The courtyard is lined with tables, with cries of “T-shirts!” and “Come support our club!” drifting through the air. A closer examination makes it clear that although there’s only a few tables — 5 at most — each one has plenty to share. The Cultural Club Fair, which took place on Thursday, November 14, is an annual Berkeley High School (BHS) event and, although it is one that is rather underrepresented in terms of turnout and publicity, it demonstrates a beautiful array of cultures and student groups. The Queer People of Color club (QPOC), the Multicultural Students Association (MCSA), and the National Society of Black Engineers are just a few of the clubs represented at the fair. Each table provided their own unique activities, from selling T-shirts to giving away fried chicken.
Miumi Shipon, a sophomore in Academic Choice (AC) who is a part of the QPOC, explained the importance of her club, especially in relation to the school’s Gay Straight Alliance (GSA), which also had a table at the fair. “We started it as, I guess, an extension of GSA, where we wanted a place for queer teens to meet, that was also friendly to teens of color, because we know that sometimes LGBTQ+ spaces can be exclusive towards people of color and their experiences,” Shipon said.
As a new club, the QPOC is relatively small, but it’s amazing how adeptly this group of students has managed to address an issue that is still not even being discussed in most adult LGBTQ+ spaces today.
The QPOC’s table was more informational than some others, structured to simply raise awareness for what they were doing and advertise the space to others. Shipon said that she thought the Cultural Club fair was an important space to create, because it “gives a platform to clubs that specifically focus on non-mainstream cultures to shine. Clubs that wouldn’t normally be highlighted are given a place to be seen, and that’s important when it comes to cultures that are not represented all the time.” The QPOC meets on Thursdays at lunch in C-310, and representatives of the club welcome interested students to stop by for a meeting or even just to say hello.Rusma Kharel is a junior in Communication, Arts, and Sciences (CAS) who was at the culture fair with the GSA. She described the goals and origins of the GSA, saying it was started to “create a community at Berkeley High, and just, be gay.” Kharel elaborated on this point, sharing how the GSA is an important space for LGBTQ+ students. “[It’s important] to have a space in high school to be able to express who you are, especially since most curriculum in Berkeley High does not cover the LGBTQ experience,” said Kharel. “Support is really important in such a big school like this,” she added.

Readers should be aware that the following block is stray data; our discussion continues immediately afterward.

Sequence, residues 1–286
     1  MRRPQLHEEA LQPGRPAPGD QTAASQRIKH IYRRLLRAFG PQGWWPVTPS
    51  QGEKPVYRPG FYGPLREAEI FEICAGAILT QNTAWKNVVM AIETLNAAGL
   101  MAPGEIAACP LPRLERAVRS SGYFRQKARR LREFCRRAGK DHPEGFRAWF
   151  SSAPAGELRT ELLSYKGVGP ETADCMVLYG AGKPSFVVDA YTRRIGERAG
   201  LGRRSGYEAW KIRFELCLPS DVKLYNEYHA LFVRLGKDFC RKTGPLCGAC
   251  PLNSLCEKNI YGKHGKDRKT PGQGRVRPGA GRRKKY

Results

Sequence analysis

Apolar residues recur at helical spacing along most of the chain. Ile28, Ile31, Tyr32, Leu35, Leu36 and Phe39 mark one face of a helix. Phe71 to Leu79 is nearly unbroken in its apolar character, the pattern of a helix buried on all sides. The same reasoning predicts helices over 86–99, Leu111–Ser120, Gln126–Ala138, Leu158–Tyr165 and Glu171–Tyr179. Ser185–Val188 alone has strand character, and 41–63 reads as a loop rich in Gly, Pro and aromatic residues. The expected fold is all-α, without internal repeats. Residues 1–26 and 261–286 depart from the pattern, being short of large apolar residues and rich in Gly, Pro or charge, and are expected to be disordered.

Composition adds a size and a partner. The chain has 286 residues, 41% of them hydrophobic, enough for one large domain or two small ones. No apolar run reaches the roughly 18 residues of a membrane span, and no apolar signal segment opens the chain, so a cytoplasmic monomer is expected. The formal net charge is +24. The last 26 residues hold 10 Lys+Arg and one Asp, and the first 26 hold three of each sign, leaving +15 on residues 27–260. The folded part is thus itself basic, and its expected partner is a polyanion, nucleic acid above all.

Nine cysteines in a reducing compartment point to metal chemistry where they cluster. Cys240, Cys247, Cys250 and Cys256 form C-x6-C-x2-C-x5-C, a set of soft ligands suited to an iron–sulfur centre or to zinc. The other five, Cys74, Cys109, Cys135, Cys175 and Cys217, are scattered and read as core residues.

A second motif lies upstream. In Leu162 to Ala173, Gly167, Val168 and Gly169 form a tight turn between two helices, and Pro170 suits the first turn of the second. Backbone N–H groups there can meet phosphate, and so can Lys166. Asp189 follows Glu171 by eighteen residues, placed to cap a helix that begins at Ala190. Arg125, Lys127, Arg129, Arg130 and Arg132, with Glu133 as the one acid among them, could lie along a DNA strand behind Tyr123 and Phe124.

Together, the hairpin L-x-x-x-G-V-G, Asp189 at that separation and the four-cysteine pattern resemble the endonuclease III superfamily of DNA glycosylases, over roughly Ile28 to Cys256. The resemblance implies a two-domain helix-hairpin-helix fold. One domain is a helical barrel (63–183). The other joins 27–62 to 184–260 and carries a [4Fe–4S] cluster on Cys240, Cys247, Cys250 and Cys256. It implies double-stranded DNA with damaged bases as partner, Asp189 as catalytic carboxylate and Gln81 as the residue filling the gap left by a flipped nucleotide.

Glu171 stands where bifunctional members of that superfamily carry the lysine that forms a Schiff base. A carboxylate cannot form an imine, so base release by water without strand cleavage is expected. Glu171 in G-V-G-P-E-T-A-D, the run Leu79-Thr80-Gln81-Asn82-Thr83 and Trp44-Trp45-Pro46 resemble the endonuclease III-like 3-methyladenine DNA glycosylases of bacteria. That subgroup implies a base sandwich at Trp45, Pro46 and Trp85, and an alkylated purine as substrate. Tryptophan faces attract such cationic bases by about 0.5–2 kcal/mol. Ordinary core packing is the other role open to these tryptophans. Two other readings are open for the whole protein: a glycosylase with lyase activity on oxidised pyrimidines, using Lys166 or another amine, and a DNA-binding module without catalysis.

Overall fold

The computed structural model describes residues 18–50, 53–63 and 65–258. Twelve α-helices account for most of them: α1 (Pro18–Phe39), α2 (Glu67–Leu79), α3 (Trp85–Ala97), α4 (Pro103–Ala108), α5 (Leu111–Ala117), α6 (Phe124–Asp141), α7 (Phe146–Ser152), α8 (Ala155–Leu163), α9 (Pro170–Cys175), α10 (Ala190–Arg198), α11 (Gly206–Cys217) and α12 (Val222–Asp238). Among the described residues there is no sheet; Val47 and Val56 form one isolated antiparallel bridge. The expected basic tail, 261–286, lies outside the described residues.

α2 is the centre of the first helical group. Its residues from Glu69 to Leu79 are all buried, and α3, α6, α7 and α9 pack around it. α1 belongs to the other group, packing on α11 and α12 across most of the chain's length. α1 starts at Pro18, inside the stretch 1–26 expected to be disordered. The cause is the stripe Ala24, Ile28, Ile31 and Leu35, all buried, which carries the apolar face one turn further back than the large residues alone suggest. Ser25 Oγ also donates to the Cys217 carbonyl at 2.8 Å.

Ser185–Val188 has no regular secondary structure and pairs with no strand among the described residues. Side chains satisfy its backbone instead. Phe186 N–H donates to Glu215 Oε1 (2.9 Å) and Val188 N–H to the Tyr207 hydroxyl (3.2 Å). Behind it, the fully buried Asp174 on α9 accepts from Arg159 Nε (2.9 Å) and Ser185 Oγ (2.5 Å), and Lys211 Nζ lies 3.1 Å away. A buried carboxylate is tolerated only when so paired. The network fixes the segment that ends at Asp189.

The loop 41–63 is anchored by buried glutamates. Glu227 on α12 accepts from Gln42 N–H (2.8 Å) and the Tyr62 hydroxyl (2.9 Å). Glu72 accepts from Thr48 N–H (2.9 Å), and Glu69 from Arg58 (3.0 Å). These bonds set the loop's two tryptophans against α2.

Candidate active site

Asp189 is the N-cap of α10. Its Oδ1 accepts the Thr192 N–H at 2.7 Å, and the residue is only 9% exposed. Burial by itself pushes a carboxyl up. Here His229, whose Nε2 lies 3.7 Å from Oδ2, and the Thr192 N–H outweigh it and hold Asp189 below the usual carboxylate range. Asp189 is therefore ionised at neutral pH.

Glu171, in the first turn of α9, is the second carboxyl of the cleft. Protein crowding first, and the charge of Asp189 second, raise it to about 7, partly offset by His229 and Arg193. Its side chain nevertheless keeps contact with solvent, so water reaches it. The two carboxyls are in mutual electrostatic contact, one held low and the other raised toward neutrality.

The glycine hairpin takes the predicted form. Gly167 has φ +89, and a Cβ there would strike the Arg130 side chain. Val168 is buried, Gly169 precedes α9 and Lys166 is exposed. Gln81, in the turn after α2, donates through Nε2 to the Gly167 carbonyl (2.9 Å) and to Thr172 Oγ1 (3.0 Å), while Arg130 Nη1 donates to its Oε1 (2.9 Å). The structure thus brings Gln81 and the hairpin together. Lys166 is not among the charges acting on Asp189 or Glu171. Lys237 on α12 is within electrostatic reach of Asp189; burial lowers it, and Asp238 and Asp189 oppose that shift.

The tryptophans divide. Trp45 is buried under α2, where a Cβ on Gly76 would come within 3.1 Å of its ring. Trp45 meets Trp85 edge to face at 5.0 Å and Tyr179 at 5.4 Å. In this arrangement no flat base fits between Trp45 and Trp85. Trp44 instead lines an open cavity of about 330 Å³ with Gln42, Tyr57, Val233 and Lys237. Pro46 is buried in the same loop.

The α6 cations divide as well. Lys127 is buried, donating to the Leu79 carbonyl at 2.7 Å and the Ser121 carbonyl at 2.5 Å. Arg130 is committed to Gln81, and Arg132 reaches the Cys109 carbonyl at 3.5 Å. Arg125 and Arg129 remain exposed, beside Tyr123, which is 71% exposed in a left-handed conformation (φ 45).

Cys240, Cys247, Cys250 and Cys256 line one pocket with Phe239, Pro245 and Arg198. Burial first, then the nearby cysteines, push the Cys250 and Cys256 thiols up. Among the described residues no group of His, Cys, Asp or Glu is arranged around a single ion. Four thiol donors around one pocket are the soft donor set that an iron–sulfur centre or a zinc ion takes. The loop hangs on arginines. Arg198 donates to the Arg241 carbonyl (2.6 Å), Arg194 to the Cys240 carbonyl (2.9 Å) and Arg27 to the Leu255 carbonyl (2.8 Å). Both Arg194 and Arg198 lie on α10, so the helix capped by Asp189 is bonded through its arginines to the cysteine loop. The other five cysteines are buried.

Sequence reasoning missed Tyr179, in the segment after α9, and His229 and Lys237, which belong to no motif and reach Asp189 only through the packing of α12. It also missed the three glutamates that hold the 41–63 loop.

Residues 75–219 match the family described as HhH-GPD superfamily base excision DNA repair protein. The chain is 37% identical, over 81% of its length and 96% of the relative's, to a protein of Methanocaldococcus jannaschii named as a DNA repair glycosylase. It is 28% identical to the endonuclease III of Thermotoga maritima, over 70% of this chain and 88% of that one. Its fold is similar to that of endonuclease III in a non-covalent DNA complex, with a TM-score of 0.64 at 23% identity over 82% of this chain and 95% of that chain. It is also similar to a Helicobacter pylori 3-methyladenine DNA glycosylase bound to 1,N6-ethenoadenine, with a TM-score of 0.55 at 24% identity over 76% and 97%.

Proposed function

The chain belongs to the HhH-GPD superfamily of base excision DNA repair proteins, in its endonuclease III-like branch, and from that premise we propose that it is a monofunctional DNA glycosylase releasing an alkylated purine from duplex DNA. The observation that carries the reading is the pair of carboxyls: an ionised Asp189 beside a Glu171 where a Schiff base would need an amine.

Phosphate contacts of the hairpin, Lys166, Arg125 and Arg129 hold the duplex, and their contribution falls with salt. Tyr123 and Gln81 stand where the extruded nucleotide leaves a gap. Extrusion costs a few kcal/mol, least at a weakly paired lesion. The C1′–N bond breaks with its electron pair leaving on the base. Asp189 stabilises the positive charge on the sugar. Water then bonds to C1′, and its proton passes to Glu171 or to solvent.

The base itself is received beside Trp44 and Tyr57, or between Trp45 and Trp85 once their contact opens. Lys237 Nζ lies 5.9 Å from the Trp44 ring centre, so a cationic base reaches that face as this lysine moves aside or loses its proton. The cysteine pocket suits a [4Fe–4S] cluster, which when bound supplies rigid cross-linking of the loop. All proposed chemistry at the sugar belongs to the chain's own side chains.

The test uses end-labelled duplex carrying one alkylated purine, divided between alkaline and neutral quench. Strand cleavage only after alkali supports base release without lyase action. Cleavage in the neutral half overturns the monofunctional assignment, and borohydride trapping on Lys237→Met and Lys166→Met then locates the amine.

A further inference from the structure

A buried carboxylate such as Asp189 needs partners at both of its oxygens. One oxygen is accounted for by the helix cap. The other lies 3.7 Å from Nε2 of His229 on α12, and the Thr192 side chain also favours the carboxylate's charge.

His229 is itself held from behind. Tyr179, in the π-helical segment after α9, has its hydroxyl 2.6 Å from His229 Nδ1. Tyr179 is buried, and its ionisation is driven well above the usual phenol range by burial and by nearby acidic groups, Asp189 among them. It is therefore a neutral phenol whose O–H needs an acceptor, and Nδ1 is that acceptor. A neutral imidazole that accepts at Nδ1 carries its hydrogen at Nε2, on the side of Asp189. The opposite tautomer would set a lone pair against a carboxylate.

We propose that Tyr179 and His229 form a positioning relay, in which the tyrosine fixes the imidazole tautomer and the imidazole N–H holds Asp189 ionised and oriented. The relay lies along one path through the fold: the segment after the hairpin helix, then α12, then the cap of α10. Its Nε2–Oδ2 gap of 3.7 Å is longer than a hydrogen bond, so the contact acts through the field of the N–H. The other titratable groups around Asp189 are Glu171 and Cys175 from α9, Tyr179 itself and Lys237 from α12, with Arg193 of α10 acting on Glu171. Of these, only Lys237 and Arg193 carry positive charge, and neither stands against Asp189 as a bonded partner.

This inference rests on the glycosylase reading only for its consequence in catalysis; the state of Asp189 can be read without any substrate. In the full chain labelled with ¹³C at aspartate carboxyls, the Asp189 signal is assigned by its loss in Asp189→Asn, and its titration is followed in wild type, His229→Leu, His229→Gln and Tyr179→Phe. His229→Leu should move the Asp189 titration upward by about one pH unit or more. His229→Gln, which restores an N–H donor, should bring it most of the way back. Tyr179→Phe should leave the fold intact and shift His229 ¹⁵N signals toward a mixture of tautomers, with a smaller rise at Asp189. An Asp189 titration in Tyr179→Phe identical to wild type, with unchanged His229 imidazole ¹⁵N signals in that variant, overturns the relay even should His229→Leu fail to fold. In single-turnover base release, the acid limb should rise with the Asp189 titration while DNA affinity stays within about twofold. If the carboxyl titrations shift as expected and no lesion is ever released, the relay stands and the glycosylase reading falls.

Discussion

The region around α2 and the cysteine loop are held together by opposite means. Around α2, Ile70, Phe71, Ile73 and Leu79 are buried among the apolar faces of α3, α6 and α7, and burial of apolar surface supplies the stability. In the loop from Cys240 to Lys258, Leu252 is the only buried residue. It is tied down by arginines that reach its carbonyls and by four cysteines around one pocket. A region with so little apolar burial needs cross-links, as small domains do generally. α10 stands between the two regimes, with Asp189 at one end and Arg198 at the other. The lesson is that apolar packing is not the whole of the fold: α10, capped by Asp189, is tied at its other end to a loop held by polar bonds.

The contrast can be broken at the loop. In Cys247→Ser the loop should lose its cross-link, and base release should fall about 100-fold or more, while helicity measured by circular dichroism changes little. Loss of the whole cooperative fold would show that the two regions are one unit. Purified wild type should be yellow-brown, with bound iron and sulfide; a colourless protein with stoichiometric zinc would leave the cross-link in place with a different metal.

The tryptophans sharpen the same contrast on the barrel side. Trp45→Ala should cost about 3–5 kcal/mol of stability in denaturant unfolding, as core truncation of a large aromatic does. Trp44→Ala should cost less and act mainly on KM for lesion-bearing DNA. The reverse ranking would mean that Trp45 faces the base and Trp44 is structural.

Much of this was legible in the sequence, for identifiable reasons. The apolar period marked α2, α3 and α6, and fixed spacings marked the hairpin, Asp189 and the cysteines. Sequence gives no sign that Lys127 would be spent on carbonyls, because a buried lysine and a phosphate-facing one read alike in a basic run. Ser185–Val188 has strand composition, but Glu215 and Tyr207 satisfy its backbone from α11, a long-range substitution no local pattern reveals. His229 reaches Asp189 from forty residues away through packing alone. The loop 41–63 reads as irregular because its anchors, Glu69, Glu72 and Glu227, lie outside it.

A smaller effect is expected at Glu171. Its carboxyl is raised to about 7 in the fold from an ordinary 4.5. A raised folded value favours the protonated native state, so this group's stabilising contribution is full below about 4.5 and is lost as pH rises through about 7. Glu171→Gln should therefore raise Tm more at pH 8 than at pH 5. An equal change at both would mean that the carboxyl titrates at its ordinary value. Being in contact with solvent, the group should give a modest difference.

[The Cultural Club Fair] “gives a platform to clubs that specifically focus on non-mainstream cultures to shine. Clubs that wouldn’t normally be highlighted are given a place to be seen.”
member of the QPOC club
She discussed how the Cultural Club Fair is an important tradition, as it “helped students to learn about BHS and Berkeley as a whole. Berkeley High is a very diverse community, and a really big community, so having a culture fair helps students to be more awake and aware of the people and cultures around them.” However, she wishes that the culture fair was advertised better in order to reach a larger audience.
One of the other tables featured the MCSA, Berkeley International High School (BIHS) senior Alani Nhul discussed the club. According to Nhul, MCSA was created to provide a safe space at BHS for multicultural students.
“It’s a club for everyone, but mainly for students with a biracial background like myself, who might not fit in at specific clubs at Berkeley High,” Nhul said. “We share about other cultures to be more culturally aware, and we’re just a chill place for everyone,” she added. Their table was full of different types of food, from Indian, to Japanese, to German.
Nhul also mentioned the importance of the culture fair, commending it for “bringing out a whole bunch of students … and bringing more awareness [to] some of the culture fairs we have on campus.”
Overall, the BHS Cultural Club Fair was overwhelmingly demonstrative of how diverse and outspoken our student body is. At each new table, it became increasingly apparent and impressive how many safe spaces are being created at a school so large, and how students have managed to find their people in the midst of the confusion of adolescence and high school.
However, the number of people at the fair — both in terms of club representatives and interested students — was rather small, and attendance could have been much larger given the size of our student body.
Representatives from all the clubs featured at the Cultural Club Fair highly encourage everyone to come and support next year, and learn about new cultures while you’re there!